Capitol Alert

Judge for yourself: Full video of Dianne Feinstein talking to children about the Green New Deal

Sen. Dianne Feinstein was scorned on social media by people who accused her of talking down to middle and high school students who called on her to support the Green New Deal in a widely watched, edited video. The full video, which was not as widely spread, made some people feel more sympathetic to the senator.

In the two-minute edited video, which had nearly 10 million views a few days after it was posted, the California senator told children and young adults telling her to support the Green New Deal that “I know what I’m doing.” The students went to Feinstein’s San Francisco office Friday to deliver a letter calling on Feinstein to vote to support the resolution with bold — and some say extreme — tactics to combat climate change.

“You come in here, and you say it has to be my way or the highway,” Feinstein says to the group in the video, taken inside her San Francisco office Friday morning. “I don’t respond to that. I’ve gotten elected, I just ran, I was elected by almost a million vote plurality.”

A young woman who says she is 16 in the video says “we’re the people who voted for you” and tells Feinstein she should listen to them. Feinstein says that due to the woman’s age “you didn’t vote for me.”

The children tell Feinstein that they are the ones who will be impacted by climate change and she says she understands that and she has seven grandchildren.

Feinstein said in the video that she has her own plan to try to combat climate change.

The full, 14-minute video shows Feinstein distributing her own plan, asking the students to review it and tell her if they have concerns with it. She tells them she has some issues with the Green New Deal, such as how to pay for it, and that huge sums of money can’t just be taken out of military budgets. She said she might vote present, meaning voting neither yes nor no, if the Senate holds a floor vote on the Green New Deal.

She insisted she wants the Senate to consider her plan over the Green New Deal because it “actually has a chance of passing.” She talks to several people one-on-one as her staff ushers the group out of her office, saying she has another scheduled meeting. At the end of the video, the 16-year-old student who told Feinstein to listen to them asked for an internship application.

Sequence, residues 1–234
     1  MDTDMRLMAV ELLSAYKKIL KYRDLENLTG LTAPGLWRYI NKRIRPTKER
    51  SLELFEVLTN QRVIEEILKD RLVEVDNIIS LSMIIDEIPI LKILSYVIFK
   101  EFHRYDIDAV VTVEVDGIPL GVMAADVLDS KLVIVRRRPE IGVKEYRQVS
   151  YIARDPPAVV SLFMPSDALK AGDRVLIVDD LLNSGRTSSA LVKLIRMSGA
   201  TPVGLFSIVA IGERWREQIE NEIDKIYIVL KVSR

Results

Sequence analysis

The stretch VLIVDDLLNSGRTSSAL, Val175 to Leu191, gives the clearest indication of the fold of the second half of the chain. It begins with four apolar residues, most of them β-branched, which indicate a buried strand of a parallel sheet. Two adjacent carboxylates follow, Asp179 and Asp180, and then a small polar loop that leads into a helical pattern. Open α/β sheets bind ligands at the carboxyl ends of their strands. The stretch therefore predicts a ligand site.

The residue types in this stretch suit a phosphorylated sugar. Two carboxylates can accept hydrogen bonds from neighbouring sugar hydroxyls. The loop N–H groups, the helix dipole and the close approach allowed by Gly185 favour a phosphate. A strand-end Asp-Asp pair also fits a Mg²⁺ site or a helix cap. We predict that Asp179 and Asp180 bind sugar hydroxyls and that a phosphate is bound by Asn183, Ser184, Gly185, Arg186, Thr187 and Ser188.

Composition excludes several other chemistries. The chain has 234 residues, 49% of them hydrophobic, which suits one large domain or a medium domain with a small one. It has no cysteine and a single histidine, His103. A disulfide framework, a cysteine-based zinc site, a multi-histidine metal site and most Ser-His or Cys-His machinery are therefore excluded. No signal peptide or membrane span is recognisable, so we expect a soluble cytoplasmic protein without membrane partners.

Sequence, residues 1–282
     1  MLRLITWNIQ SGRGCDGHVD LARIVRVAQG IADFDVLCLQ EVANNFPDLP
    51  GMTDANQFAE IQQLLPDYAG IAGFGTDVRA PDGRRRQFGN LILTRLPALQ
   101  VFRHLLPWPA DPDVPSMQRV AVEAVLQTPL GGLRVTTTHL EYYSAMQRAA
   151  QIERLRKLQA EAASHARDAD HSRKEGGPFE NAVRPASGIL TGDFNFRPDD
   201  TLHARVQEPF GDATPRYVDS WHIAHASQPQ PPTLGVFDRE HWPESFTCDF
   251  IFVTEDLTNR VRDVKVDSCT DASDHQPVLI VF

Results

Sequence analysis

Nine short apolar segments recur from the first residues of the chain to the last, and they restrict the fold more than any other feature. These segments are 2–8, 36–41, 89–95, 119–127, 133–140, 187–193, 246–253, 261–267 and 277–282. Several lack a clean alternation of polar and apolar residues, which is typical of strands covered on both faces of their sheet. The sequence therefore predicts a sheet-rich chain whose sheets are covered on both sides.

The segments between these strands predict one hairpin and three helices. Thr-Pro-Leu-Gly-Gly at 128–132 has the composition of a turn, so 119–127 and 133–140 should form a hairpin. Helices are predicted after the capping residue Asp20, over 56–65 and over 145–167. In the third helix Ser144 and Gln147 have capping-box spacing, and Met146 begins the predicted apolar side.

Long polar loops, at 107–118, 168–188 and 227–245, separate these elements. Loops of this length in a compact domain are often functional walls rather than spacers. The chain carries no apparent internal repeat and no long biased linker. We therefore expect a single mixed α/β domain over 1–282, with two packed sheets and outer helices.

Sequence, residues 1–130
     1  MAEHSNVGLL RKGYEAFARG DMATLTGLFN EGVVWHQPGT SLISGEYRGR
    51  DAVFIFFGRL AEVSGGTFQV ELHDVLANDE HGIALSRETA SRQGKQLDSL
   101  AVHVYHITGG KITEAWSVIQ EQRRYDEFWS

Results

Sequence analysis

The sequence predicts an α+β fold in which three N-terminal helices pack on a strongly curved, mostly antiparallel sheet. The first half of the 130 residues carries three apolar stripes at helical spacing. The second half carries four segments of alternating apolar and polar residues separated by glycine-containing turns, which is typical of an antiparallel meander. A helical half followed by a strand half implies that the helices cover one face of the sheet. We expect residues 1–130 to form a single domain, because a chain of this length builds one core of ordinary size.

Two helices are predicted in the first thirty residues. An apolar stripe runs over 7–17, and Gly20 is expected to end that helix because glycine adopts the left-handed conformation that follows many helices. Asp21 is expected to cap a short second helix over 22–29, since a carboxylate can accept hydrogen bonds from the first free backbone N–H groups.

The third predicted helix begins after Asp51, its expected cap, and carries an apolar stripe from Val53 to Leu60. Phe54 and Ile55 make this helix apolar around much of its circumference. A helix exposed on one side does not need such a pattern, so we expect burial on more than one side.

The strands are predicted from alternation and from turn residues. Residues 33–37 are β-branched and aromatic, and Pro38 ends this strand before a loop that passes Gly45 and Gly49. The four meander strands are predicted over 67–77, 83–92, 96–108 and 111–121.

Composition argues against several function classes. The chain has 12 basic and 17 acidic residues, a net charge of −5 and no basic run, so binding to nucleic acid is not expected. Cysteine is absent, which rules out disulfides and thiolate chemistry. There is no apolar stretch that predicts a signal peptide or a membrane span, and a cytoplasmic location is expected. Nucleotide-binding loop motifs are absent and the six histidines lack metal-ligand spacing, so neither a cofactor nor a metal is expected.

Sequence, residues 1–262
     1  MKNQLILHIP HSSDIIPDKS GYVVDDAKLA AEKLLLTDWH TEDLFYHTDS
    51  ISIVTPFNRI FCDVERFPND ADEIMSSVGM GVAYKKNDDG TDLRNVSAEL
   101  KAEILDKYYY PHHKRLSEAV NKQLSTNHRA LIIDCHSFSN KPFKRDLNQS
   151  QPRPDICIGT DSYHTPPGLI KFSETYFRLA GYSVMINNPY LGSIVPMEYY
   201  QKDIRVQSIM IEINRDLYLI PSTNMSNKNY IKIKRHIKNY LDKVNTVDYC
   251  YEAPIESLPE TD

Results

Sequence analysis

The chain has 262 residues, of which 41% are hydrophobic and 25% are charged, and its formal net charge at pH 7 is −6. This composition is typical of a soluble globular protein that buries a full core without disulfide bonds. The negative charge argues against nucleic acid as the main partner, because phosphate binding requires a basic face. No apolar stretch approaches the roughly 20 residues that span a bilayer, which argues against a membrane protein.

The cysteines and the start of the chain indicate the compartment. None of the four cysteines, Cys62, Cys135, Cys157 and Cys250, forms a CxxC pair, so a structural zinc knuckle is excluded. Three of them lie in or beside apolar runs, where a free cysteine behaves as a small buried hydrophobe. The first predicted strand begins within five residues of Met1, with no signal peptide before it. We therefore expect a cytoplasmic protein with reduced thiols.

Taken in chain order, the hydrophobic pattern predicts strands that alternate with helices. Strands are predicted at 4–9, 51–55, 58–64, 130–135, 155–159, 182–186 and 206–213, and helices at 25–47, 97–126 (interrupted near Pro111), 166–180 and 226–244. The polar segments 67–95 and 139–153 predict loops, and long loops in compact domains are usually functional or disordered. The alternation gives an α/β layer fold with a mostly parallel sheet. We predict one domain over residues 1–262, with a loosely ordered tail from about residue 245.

“(She) will do an internship here,” Feinstein tells a staff member, after asking for the woman’s name.

Feinstein, in response to the online criticism, said in a tweet and a released statement that the children were “heard loud and clear.”

The National Republican Congressional Committee, in trying to get other at-risk representatives to take a position on the Green New Deal, sided with Feinstein, calling the students “entitled brat schoolchildren” and Ocasio-Cortez’s “preteen minions.”

The Green New Deal, sponsored by Rep. Alexandria Ocasio-Cortez, D-New York, and Sen. Ed Markey, D-Massachusetts, calls for drastic measures to reduce the effects of climate change. It’s a non-binding bill, meaning its passage won’t change existing law but represents symbolic goals. Some of its more controversial sections — due to their likely cost — call for upgrading all existing buildings in the country to be more energy efficient and expanding high-speed rail throughout the country so air travel isn’t necessary.

Feinstein’s draft on how to deal with climate change calls for getting “net greenhouse gas emissions to zero as soon as possible and by no later than 2050.” That’s a less aggressive timeline than the other plan and the goals outlined in it are less specific.

The 85-year-old senior California senator just won reelection against a more progressive challenger in the general election last November and is now the oldest senator in office. She’s generally known as a moderate, only recently declaring opposition to the death penalty and support for states who legalized recreational marijuana.

Kate Irby is based in Washington, D.C. and reports on issues important to McClatchy’s California newspapers, including the Sacramento Bee, Fresno Bee and Modesto Bee. She previously reported on breaking news in D.C., politics in Florida for the Bradenton Herald and politics in Ohio for the Cleveland Plain Dealer.
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